Jeff Paul shows a study of U.K. dividend stocks outperforming non dividend payers.

The Heartland fund advisors article referenced above links a study showing that from 1802 - 2002 that dividends plus growth in dividends accounted for 5.8% of Equities 7.9% total annualized return.

Due to survivorship bias, and actually which DGI stocks are selected - saying DGI stocks outperform the market can be hard to prove in my opinion. This is why your basket of dividend growth stocks should be chosen carefully. You want the best of the best. A value stock buyer in real estate terms wants to buy the fixer upper in the great neighborhood and flip it. A dividend growth investor wants to buy the best house in the best neighborhood and be a landlord. The DGI investor is generally OK with paying market value for the house even though they ideally want to buy at a discount.

5) Tax benefits - A DGI portfolio can be placed into a Roth IRA and be collecting growing dividends for decades. Dividends that aren't taxed.

6) Low cost - You could end up paying hundreds of thousands of dollars worth of fees to mutual funds over your investment lifetime. Just think, if that mutual fund fee is 1%, that's 1% every year, whether the S&P 500 is up 10% or down 20% - you are still paying that 1% (and some funds charge more). Unscientifically I'd argue that most dividend growth investors manage their stock portfolio fee free. It keeps you in control/active and you might even find it fun!

7) Psychology benefits - This is difficult to quantify but should not be understated. There is a reason why the average investor has lower returns than the market. Everybody knows to "buy low and sell high" but few do. Mike Tyson famously said that, "Everybody has a plan until they get punched in the face". Most people end up buying high and selling low because they are trying to time the market, the financial news media scared them, or forced selling due to liquidity needs.

As a dividend growth investor I don't have to sit at my computer with my itchy finger hovered over the sell button when the market goes down. I feel more like a stock/company owner than a fast money trader. It actually gives me great pleasure to know that "I" own a piece of the world around me - ownership in some of the best companies in America.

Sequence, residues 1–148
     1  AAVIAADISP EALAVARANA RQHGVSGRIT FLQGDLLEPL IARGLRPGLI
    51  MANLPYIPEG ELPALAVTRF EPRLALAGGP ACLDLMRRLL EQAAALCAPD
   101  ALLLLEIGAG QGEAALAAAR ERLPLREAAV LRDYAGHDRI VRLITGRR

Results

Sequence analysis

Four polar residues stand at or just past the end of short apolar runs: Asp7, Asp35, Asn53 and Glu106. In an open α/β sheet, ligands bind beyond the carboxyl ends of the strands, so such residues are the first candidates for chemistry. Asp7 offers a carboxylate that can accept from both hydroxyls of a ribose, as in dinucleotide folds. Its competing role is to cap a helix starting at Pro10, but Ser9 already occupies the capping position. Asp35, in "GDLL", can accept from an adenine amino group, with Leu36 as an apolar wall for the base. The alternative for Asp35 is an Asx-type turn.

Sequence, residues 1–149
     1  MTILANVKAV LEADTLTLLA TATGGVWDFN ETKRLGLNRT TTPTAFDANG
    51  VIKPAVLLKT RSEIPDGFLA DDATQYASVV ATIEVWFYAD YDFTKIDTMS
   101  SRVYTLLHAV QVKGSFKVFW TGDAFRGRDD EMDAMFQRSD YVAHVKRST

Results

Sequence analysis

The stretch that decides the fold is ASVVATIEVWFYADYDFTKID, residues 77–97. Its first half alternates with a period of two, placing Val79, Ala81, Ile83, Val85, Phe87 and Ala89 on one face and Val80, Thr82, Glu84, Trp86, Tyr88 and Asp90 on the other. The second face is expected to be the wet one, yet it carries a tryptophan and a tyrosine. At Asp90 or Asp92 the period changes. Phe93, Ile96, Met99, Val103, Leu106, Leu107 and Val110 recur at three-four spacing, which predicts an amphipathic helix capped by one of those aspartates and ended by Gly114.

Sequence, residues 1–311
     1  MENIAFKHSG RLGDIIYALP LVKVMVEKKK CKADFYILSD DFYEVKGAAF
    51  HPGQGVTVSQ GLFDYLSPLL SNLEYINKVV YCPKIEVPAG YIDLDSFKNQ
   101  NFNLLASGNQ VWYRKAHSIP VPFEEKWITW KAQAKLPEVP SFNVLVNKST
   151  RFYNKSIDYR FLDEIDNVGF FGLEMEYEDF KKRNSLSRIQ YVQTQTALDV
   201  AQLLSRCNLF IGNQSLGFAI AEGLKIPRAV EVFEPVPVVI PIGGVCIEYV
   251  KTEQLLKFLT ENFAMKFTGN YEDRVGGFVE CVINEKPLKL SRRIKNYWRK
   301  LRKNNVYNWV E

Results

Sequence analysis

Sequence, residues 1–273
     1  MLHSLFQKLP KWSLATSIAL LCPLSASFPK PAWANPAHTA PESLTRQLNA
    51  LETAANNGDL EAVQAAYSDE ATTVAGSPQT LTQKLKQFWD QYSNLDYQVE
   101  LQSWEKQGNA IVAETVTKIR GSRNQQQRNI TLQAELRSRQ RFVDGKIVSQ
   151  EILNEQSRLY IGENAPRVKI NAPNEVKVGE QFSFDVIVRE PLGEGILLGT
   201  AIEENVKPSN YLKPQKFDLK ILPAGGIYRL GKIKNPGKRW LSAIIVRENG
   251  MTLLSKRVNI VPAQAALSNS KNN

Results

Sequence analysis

* Higher % of equity - People say that when you are younger you should invest "riskier". I do agree with that statement, but over time I've changed how I interpret it. When I heard this advice as a young investor I was told to buy "riskier" stocks.

If I were advising a young person I'd argue that you should invest riskier younger - but in terms of asset allocation - BUT YOU STILL WANT THE BEST QUALITY STOCKS!!! Instead of maybe going 80/20 stocks to bonds you want to go maybe 95/5 for the reasons highlighted above. With a quality DGI portfolio you will have presumably lower risk, higher returns, and income built in. Over time you will have a powerful DGI machine at your service, growing and compounding at an amazing rate - and you don't have to worry about selling or timing the market.

If you want to take a small portion of your portfolio to try and buy the next Apple (NASDAQ:AAPL), Starbucks (NASDAQ:SBUX) or Chipotle (NYSE:CMG). Fine - go for it! But the Lions share of your portfolio - especially while you are young and learning the ropes should be invested in Dividend Growth Investments.

So which dividend growth stocks should you buy?

An excellent starting place is the David Fish CCC list. I'd also suggest reading like minded investors on these pages of Seeking Alpha to manage your own Dividend Growth portfolio.

Time preference. We don't have unlimited time... Many of my dividend growth stocks I've owned for nearly 10 years. I trust them. I don't have to worry about fluctuations in earnings and "crashes". I can spend my time researching big alpha generating ideas.

Good Luck.

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Disclosure: I am/we are long AAPL.

I wrote this article myself, and it expresses my own opinions. I am not receiving compensation for it (other than from Seeking Alpha). I have no business relationship with any company whose stock is mentioned in this article.